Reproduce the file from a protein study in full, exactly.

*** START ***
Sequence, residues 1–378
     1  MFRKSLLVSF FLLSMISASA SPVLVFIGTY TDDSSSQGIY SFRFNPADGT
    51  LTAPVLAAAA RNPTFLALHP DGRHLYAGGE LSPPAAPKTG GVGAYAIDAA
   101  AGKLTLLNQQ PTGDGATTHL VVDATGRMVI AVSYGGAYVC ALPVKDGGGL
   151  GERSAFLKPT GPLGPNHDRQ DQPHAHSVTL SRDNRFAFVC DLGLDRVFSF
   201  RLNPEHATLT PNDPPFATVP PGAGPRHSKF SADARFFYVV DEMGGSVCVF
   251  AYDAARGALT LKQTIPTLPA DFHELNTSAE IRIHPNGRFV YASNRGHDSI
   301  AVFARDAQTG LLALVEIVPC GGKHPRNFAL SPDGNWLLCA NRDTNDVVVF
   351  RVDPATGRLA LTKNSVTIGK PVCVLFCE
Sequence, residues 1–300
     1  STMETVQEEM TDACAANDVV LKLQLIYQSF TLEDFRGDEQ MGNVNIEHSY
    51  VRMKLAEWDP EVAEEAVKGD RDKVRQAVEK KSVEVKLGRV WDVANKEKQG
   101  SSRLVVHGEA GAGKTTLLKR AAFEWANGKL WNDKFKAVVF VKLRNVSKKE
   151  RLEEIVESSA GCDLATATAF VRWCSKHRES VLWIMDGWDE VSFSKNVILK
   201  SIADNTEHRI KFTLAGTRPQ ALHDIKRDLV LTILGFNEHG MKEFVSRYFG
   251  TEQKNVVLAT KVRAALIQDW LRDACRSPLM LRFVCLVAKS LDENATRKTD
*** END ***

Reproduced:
Sequence, residues 1–378
     1  MFRKSLLVSF FLLSMISASA SPVLVFIGTY TDDSSSQGIY SFRFNPADGT
    51  LTAPVLAAAA RNPTFLALHP DGRHLYAGGE LSPPAAPKTG GVGAYAIDAA
   101  AGKLTLLNQQ PTGDGATTHL VVDATGRMVI AVSYGGAYVC ALPVKDGGGL
   151  GERSAFLKPT GPLGPNHDRQ DQPHAHSVTL SRDNRFAFVC DLGLDRVFSF
   201  RLNPEHATLT PNDPPFATVP PGAGPRHSKF SADARFFYVV DEMGGSVCVF
   251  AYDAARGALT LKQTIPTLPA DFHELNTSAE IRIHPNGRFV YASNRGHDSI
   301  AVFARDAQTG LLALVEIVPC GGKHPRNFAL SPDGNWLLCA NRDTNDVVVF
   351  RVDPATGRLA LTKNSVTIGK PVCVLFCE
Sequence, residues 1–300
     1  STMETVQEEM TDACAANDVV LKLQLIYQSF TLEDFRGDEQ MGNVNIEHSY
    51  VRMKLAEWDP EVAEEAVKGD RDKVRQAVEK KSVEVKLGRV WDVANKEKQG
   101  SSRLVVHGEA GAGKTTLLKR AAFEWANGKL WNDKFKAVVF VKLRNVSKKE
   151  RLEEIVESSA GCDLATATAF VRWCSKHRES VLWIMDGWDE VSFSKNVILK
   201  SIADNTEHRI KFTLAGTRPQ ALHDIKRDLV LTILGFNEHG MKEFVSRYFG
   251  TEQKNVVLAT KVRAALIQDW LRDACRSPLM LRFVCLVAKS LDENATRKTD